Somewhere between Australopithecus and Homo sapiens, the art of embellishment firmly latched itself onto modern man's genetic coding. Think about it. Everyone's 2 inches taller in a bar than at the doctor's office, one ShamWow can supposedly wipe all the grease off of the entire Jersey Shore cast, and chances are you got your current gig based partly on bs strategically sprinkled in your résumé. In the same vein, cloning is such a common hot rodding practice that it's not even looked down upon anymore. When transforming a plain-Jane Mustang or Camaro into a Mach I or a Z28-and leeching off the mystique and exclusivity of those hallowed machines-is just a badge-swap away, the trickery is somewhat understandable. This explains why almost all cloned Chevelles are of the Malibu and SS variety, and there is a peculiar absence of plebeian Chevelle 300s amongst the A-body population.
For a small percentage of enthusiasts, however, less is more. They dig crank windows, rubber floor mats, and a steady supply of ambient air streaming into the cockpit. If you're one of those guys, George Poteet's '66 Chevelle 300 is for you. Not only was it spared the hackneyed fake SS treatment, it boasts a destroked small-block, a stripper interior, and power nothing. It's the quintessential incarnation of addition by subtraction, but interestingly, behind the bare-bones façade is a modern Detroit Speed and Engineering suspension, Baer brakes, and Tremec five-speed. This Chevelle wears its lowly "300" badges with pride, and its intricate details aren't for those with short attention spans. While it may look as plain as vanilla from afar, the closer you get, the spicier it becomes.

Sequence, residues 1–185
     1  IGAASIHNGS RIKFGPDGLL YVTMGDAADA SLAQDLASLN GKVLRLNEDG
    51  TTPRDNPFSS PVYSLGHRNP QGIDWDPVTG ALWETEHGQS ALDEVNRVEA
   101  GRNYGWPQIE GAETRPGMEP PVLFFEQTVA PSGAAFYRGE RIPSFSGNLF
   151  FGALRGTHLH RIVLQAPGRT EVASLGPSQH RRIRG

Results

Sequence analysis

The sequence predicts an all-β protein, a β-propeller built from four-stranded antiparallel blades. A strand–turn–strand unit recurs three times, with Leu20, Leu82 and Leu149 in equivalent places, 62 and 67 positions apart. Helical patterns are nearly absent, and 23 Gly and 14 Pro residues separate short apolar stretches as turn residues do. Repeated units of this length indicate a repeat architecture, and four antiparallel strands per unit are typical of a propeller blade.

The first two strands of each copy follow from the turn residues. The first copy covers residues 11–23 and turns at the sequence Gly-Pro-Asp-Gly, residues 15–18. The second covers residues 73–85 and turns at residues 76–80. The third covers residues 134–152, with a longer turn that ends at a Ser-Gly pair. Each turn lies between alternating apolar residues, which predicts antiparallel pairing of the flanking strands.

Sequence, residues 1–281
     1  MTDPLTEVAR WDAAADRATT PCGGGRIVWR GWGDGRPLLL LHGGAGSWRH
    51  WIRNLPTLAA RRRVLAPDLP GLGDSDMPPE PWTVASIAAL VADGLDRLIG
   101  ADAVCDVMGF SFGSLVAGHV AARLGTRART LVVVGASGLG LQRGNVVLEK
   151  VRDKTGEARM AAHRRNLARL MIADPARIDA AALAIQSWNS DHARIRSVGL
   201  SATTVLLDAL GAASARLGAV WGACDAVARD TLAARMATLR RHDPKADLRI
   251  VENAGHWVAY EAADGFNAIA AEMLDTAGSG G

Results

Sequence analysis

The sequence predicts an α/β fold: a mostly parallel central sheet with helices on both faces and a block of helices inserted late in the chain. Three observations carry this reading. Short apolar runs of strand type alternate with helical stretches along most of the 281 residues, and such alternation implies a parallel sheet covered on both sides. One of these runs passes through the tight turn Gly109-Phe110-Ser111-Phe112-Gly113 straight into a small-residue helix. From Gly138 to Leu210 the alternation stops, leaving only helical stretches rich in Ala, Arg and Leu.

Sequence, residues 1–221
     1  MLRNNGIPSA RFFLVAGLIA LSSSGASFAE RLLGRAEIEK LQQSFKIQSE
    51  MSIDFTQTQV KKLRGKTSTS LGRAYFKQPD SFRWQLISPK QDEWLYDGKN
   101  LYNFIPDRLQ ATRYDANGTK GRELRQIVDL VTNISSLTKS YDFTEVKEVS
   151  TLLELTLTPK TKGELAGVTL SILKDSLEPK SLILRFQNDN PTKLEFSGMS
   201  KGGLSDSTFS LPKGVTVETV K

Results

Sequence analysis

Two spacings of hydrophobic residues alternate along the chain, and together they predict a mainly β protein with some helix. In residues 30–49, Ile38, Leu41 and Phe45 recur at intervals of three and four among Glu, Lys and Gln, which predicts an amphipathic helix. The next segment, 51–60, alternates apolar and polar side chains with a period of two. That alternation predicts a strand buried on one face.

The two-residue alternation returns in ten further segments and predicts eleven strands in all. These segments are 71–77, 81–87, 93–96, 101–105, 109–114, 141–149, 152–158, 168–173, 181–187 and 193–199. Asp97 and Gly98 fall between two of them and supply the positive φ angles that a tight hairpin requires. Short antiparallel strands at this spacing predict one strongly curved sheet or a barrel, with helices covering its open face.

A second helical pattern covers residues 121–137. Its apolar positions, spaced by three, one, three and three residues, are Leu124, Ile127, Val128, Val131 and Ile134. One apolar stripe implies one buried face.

The "300" theme is littered throughout the cabin, with "300" emblems adorning the steering
It takes someone secure in his or her own skin to build a car like this, and George Poteet is a man who has nothing left to prove in his automotive endeavors. He owns one of the most diverse car collections in the country, and his wild creations have been popping up in car magazines for decades. Some of his most memorable hot rods to date include a 300-mph '69 Barracuda land-speed racer, a Viper-powered '54 Plymouth Savoy, a NASCAR-inspired '68 Charger, and a '61 Ford Starliner with a 427ci Cammer underhood. To convert his fantasies to sheetmetal, George commissions the best car builders in the industry like Troy Trepanier, Bobby Alloway, Roy Brizio, and Steve Strope. Sure, it takes a healthy bankroll to fund projects of this caliber, but George has always put his cars to good use. Many of his high-profile street cars have been flogged on cross-country cruises, and George has driven 436 mph at Bonneville in his streamliner. Even so, these halo cars represent just a small fraction of his collection, and tucked away in his Mississippi compound are dozens upon dozens of stock-looking Impalas, Chevelles, Road Runners, and Firebirds. These types of cars rarely get much press, but his recently finished '66 Chevelle 300 offers a glimpse into his more practical side, albeit in an extreme kind of way.